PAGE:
Changes in store for Lake Merced, but are they fast enough?
By Nick Moone
Local residents and users of Lake Merced packed a meeting there this week, many hoping to work toward a resolution of the issues facing San Francisco’s urban lake, but some of them were disappointed in what they actually got.
“We came here to try and work out some solutions to these problems. This was supposed to be a workshop. Instead, they’re trying to pull the wool over our eyes to make us think things are getting done,” Erin Greenmore, a 30-year resident of the city, said at the special meeting of the San Francisco Public Utilities Commission.
There’s no shortage of problems facing the lake.
Although water levels have risen from the lows a decade ago that left fishing piers stranded far from the shore, maintaining water quality and keeping levels up is an ongoing challenge. And San Franciscans’ ideas of what kinds of recreational activities are appropriate don’t always agree, as the political wrangling over the shooting range of the Pacific Rod and Gun Club shows.
And perhaps most confusing for many people is the complex system that leaves the SFPUC in charge of some elements of managing the lake and the Recreation and Park Department in charge of others.
Lake level and groundwater
Steven Ritchie, assistant general manager of the Water Enterprise arm of the SFPUC, began the meeting with a presentation on the Lake Merced Watershed report, a 188 page in-depth document covering the “general guidelines and and strategies that define the ultimate purpose and aim of management,” for the Lake Merced area.
Several projects are underway that will help stabilize water levels at the lake, Ritchie told the dozens of people crammed into an upstairs room at the Harding Park Golf Course clubhouse.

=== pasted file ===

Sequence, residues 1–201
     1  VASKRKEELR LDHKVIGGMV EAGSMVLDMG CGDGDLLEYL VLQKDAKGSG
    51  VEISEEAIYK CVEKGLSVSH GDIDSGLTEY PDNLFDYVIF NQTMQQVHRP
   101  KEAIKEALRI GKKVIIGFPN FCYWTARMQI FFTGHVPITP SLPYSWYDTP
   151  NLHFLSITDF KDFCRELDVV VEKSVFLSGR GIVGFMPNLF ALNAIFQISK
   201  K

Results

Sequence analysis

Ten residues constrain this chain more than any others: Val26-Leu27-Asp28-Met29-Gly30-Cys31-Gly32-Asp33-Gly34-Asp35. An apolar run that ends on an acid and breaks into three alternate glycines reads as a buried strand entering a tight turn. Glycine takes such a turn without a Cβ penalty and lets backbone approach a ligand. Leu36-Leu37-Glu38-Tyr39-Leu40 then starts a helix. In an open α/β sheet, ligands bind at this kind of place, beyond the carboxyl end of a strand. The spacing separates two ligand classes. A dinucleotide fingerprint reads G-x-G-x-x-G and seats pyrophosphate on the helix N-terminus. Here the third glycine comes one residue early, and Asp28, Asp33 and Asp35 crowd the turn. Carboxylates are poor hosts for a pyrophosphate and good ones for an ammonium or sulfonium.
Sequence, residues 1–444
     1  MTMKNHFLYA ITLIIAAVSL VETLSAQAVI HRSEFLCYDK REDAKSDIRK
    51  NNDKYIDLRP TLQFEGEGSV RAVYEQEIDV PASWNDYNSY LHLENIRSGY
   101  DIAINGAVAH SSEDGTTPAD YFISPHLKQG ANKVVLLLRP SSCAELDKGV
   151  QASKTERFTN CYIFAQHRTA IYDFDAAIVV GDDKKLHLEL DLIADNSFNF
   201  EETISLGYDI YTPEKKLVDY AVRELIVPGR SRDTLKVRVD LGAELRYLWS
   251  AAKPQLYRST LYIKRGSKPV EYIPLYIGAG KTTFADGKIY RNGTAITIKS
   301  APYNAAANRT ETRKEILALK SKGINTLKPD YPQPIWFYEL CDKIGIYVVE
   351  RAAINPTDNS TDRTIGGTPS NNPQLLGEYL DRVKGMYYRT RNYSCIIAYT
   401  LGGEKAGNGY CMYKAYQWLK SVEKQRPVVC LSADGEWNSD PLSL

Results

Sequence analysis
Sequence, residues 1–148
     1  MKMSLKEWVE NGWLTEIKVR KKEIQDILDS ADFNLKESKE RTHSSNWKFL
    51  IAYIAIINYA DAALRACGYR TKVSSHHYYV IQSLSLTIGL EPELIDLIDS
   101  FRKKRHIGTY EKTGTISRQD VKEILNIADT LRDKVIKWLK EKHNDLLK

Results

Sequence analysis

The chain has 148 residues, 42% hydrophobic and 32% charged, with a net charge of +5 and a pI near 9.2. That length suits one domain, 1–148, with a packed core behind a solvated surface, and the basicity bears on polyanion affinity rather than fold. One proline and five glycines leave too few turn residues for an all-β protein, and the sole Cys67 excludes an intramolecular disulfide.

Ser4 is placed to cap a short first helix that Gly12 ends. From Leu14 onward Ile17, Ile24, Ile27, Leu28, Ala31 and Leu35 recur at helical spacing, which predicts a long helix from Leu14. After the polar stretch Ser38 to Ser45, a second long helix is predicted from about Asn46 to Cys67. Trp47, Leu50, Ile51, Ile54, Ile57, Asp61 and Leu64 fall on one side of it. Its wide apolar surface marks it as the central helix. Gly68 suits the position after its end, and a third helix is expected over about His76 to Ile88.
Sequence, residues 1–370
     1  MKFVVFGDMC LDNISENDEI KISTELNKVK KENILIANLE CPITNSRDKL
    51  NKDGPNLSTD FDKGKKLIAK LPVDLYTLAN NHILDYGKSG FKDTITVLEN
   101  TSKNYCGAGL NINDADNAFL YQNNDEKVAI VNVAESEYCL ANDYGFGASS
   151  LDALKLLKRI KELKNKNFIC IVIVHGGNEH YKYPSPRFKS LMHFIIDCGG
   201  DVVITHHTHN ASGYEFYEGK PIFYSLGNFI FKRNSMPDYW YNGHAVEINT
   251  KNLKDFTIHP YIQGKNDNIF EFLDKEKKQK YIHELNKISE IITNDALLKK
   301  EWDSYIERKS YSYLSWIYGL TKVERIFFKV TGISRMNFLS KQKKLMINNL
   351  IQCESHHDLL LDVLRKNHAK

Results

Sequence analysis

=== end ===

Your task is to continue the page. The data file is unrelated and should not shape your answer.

“While right now I don’t have the exact numbers, I believe that it is at what would be quantified as a healthy level,” said Ritchie.
One of the projects Ritchie said would help lake levels is the San Francisco Groundwater Project, a plan to install four new wells along the western side of the city. According to the SFPUC, the groundwater project is designed to provide San Francisco with approximately 4 million gallons of local, sustainable groundwater every day.
“Lake Merced is a source of emergency drinking water for the city, so we want to make sure that it stays viable as such a resource,” said Ritchie.
SFPUC President Art Torres said the purpose of the Lake Merced meeting was a “gathering of information” about public opinion to guide future planning and management of the lake.
But some at the meeting said they were frustrated by the slow pace of change, including shifts in how the dual bureaucracy of the SFPUC and Rec-Park have split responsibilities at the lake over the past decades.
“We need you to have the political courage to take action,” said one speaker.
The SFPUC and the Recreation and Park Department are working on an update to their management responsibilities at Lake Merced.
Under the proposed agreement, the SFPUC would have overarching responsibility for the lake and some adjacent lands. It would manage the lake itself, including water levels and quality, and would oversee the Pacific Rod and Gun Club’s lease and the cleanup of the club’s site on the southern edge of the lake.
The Recreation and Park Department would manage Harding Park Golf Course and the boathouse, and provide maintenance and gardening services.